Leaders of New Brunswick's Acadian community are rallying behind an effort to stop the province's plan to create two health districts, replacing the existing eight, because they see it as a threat to francophone rights.

A letter of protest has been sent to Premier Shawn Graham, signed by more than 100 prominent Acadians, including Yvon Fontaine, president of l'Université de Moncton, and Denis Losier, president of the insurance company Assumption Life.

Last week, Health Minister Mike Murphy tabled a bill in the legislature that will replace the eight existing health authorities with two districts and a health council.

As he described it, Regional Health Authority A would be based in Bathurst, and would serve northern New Brunswick's French-language hospitals, including Beausejour, Edmundston, Campbellton and Bathurst.

Regional Health Authority B would be based in Miramichi and would be responsible for the province's southeast English-language hospitals, including Saint John, Fredericton and Miramichi.

The Moncton area would be jointly served by both of the new authorities, and its administration would be split between both languages.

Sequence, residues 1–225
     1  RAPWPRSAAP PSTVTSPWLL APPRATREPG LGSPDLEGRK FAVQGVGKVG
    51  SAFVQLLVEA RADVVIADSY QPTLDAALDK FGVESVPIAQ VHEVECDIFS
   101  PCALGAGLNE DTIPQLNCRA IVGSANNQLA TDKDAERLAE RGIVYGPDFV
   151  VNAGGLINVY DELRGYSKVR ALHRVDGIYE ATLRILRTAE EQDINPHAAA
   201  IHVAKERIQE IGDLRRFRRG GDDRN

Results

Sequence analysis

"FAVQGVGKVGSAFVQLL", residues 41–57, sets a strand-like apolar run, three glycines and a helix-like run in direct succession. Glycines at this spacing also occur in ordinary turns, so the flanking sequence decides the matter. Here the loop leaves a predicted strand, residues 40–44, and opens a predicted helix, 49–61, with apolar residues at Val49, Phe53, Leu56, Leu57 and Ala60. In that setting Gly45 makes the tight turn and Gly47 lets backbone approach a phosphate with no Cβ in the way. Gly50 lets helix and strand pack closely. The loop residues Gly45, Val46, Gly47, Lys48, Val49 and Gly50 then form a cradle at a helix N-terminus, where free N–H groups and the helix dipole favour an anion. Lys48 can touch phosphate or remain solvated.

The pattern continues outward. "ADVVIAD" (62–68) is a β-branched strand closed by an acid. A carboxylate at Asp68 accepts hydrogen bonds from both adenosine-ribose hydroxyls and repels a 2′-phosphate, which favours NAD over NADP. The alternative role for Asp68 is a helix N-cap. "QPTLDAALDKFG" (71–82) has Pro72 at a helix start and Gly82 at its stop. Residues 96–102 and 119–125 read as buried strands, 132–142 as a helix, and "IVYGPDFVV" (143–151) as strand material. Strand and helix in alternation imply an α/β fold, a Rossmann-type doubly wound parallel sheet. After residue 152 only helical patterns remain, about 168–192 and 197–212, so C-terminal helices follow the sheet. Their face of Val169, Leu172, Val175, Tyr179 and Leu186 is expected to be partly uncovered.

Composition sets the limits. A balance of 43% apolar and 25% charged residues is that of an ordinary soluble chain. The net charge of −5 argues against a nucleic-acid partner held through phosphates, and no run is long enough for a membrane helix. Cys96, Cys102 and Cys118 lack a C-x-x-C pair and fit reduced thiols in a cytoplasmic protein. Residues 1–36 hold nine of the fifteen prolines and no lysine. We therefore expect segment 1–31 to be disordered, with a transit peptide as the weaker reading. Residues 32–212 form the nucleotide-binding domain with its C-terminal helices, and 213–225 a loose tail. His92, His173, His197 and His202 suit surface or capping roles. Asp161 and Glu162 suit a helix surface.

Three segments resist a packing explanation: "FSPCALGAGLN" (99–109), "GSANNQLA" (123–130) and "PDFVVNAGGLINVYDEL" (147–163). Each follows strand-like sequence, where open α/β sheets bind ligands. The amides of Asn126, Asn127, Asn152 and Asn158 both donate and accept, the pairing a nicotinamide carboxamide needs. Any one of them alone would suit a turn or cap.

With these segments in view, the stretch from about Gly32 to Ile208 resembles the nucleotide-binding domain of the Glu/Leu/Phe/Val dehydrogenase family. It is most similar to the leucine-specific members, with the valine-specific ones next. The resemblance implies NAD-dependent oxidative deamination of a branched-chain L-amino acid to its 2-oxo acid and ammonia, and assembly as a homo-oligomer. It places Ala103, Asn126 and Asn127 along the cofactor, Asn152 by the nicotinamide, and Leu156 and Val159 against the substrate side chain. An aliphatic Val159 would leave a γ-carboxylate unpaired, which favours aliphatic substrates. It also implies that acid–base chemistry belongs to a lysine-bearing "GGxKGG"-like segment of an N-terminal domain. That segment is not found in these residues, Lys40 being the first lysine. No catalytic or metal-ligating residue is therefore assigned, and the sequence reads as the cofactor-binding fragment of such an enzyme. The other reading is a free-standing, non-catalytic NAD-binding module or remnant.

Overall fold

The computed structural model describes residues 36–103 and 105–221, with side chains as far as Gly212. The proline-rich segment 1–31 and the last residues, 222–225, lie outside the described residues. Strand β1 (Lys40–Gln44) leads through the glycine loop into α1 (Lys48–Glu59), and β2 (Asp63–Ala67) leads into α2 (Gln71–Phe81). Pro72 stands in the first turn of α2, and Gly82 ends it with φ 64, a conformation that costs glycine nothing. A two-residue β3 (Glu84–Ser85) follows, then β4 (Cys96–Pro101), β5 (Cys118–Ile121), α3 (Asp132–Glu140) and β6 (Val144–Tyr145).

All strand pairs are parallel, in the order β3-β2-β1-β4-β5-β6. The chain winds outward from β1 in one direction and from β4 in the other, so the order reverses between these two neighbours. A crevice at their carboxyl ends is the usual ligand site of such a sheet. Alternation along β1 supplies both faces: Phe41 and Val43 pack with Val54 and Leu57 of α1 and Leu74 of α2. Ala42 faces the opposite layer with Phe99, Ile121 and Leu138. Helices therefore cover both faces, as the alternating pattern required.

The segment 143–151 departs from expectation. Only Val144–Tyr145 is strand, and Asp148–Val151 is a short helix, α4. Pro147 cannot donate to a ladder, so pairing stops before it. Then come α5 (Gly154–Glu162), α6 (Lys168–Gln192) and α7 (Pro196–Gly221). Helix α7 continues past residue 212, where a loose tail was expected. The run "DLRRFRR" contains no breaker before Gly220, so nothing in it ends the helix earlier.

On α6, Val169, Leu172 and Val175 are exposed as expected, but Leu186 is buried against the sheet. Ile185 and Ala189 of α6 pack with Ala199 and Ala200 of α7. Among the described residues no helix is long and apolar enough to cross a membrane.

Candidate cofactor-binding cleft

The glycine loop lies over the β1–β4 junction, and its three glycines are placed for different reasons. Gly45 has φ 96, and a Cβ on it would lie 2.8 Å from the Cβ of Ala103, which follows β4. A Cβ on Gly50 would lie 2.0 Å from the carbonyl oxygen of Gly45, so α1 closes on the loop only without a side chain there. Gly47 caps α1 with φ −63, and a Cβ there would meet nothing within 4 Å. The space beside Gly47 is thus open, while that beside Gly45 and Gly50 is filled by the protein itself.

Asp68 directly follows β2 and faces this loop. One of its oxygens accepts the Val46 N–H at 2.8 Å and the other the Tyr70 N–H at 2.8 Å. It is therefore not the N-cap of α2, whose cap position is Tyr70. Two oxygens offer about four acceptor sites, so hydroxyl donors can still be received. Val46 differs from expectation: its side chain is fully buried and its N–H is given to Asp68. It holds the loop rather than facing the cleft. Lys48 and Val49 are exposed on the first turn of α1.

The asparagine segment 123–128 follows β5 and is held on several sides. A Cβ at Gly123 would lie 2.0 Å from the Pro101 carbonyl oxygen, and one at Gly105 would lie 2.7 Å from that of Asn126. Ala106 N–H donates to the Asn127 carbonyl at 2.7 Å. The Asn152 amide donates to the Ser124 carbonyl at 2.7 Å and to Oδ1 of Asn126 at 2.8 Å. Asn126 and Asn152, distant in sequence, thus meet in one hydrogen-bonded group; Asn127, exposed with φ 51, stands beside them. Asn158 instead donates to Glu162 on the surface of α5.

But the lawyer who drafted the Acadians' letter to the premier, Michel Doucet, said Wednesday the divisions between French and English are not that clear. For instance, he said, there is a hodge-podge of French and bilingual hospitals in what is supposed to be the French health district.

"What the francophones are saying is we have some hospitals, and some health authorities, where we have the control over the destiny on how we wanted health care to be addressed to the francophones, and we believe this reform will take it away from us," Doucet said.

For example, Doucet is concerned that Acadians may lose control over the Georges Dumont hospital in Moncton.

The letter also asks for a French equivalent to the Saint John-based corporation that will oversee non-clinical health services such as laundry and food services in the hospitals.

The minister of health has said he'll amend the law to protect language rights in French hospitals, but Doucet says that's not enough. He and his group want the legislation put on hold until they can have some say in how the health districts will be run.